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Cornea. 1999 May;18(3):321-7.

Corneal transport of circulating glutathione in normal and galactosemic guinea pigs.

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Division of Gastrointestinal and Liver Diseases, University of Southern California School of Medicine, Los Angeles 90033, USA.



To study synthesis and transport of glutathione (GSH) in guinea-pig cornea and to determine the effect of galactose feeding and growth on transport.


Steady-state level and maximal rate of synthesis of GSH (GSH-SR) were determined in guinea pigs fed 50% galactose diet for 10 days and in controls. By using a model of in situ eye perfusion, corneal transport of [35S]GSH (4 nM) and [14C]sucrose was measured as a function of time (1-10 min) in normal guinea pigs under gamma-glutamyltranspeptidase (GGT)-inhibited and uninhibited conditions. The unidirectional constant of GSH uptake was determined as a function of GSH concentration in the perfusate. The effect of galactose feeding on corneal uptake of tracer GSH was determined in control and 10-day galactose-fed guinea pigs. Levels of GSH and uptake of GSH also were measured in corneas from three different age groups: 10 days, 4 weeks, and 9 months.


The mean GSH level (nmol/ mg protein) in corneas of control guinea pigs was 47.6, which decreased to 36.4 (p<0.05) in 10-day galactose-fed animals. The GSH-SR was not significantly different in the two groups (1.98 vs. 2.27 nmol/min/mg protein, respectively; p = NS). Corneal uptake of tracer [35S]GSH (4 nM) was linear up to 10 min and was several-fold higher than that of the impermeable marker [14C]sucrose. The unidirectional rate constant (corrected for sucrose) for GSH was 4.03+/-0.21x10(-3)/min. GSH uptake in normal guinea pigs occurred by a saturable process with a Km of 24+/-4 microM and Vmax of 92+/-14 pmol/min/g and was significantly inhibited by GSH and GSH monoethyl ester at 60 microM concentrations. Corneal uptake of tracer GSH in galactose-fed guinea pigs showed a dramatic decrease (almost to that of sucrose) as compared with control guinea pigs. GSH uptake was similar in corneas of 10-day and 4-week-old guinea pigs, whereas that in 9-month-old guinea pigs showed a significant (approximately 80%) decrease in uptake.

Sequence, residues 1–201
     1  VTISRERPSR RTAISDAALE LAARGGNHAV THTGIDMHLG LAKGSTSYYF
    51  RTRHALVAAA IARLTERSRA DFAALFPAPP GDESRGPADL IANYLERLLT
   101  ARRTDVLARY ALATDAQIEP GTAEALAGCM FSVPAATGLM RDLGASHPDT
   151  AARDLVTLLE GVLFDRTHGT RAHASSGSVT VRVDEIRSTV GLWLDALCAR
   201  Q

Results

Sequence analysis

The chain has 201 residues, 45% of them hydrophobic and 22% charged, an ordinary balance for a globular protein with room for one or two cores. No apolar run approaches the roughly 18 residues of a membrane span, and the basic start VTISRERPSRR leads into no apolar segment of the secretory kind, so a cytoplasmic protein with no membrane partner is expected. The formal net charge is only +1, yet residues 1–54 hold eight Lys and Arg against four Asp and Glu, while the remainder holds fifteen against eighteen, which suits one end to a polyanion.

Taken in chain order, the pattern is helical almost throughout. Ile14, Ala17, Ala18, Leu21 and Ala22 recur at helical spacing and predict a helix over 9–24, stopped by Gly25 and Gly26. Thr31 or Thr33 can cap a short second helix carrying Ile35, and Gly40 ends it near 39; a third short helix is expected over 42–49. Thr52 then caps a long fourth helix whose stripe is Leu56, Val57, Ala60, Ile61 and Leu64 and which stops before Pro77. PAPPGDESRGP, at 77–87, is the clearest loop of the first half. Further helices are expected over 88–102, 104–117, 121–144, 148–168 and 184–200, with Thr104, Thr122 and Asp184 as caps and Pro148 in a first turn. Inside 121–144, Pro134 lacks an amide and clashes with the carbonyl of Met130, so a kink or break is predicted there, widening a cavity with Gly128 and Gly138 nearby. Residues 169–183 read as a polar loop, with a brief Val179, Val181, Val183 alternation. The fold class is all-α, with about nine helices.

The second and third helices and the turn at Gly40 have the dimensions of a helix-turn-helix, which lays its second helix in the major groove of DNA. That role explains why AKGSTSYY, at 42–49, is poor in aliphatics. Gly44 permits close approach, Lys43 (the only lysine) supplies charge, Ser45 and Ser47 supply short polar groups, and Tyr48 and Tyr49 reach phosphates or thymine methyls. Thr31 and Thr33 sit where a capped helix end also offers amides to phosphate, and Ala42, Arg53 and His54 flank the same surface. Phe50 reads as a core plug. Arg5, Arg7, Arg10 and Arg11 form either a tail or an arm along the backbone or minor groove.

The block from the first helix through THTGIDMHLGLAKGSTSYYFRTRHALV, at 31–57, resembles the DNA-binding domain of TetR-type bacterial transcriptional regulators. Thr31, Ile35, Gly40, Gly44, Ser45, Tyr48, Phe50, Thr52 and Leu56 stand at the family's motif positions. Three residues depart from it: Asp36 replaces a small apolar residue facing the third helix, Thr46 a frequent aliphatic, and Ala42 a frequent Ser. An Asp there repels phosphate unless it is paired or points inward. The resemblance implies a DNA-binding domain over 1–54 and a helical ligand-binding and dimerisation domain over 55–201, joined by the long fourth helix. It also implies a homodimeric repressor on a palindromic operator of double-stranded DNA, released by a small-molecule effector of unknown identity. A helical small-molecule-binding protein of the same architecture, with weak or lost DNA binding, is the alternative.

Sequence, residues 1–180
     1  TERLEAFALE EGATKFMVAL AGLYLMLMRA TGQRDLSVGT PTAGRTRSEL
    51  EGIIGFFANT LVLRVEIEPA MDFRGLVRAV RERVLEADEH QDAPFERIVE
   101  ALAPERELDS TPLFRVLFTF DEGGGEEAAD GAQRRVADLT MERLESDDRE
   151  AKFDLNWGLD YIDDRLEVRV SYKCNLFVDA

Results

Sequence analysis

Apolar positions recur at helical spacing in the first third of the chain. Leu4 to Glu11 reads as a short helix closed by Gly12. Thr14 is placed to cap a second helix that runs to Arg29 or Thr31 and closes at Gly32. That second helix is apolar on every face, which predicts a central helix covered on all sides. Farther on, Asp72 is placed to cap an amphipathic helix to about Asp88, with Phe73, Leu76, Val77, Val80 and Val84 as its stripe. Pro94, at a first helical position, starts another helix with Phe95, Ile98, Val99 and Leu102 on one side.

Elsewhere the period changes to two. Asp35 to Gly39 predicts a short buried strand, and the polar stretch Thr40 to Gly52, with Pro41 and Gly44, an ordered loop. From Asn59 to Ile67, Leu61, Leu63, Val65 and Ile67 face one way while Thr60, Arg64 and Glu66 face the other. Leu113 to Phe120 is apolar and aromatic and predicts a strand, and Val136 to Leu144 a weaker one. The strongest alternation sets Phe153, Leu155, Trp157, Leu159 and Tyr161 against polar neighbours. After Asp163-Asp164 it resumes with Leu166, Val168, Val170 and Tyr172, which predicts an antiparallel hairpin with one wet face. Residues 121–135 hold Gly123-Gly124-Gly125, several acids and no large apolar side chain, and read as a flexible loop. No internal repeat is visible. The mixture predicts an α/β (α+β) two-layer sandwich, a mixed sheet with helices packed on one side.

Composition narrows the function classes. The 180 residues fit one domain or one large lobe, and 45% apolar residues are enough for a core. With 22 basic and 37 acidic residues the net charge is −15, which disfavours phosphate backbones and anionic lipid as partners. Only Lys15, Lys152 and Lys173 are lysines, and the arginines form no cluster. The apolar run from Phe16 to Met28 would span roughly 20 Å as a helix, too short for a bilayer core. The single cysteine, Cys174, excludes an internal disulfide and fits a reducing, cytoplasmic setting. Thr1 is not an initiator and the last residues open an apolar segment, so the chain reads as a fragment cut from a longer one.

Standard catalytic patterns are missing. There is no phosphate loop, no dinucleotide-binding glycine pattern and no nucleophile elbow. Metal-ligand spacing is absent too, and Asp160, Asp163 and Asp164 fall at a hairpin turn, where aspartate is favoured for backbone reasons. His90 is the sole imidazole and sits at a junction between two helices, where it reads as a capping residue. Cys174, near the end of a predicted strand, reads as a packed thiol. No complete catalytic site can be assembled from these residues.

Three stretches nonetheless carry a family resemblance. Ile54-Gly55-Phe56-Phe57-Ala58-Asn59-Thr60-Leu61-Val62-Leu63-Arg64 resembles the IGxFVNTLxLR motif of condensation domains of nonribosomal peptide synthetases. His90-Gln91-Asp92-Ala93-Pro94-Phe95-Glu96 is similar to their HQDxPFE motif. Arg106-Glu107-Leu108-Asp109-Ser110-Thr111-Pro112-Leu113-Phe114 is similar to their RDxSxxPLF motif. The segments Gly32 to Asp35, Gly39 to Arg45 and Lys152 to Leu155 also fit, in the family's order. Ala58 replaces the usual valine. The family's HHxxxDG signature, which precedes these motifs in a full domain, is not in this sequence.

Cellular uptake of GSH by the cornea in the young, adult guinea pigs is carrier mediated via mechanism(s) that can be dissociated from the transpeptidation pathway. The reduced availability of circulating GSH may be an important factor in the development of corneal pathology associated with aging and corneal hydration due to relative GSH deficiency.

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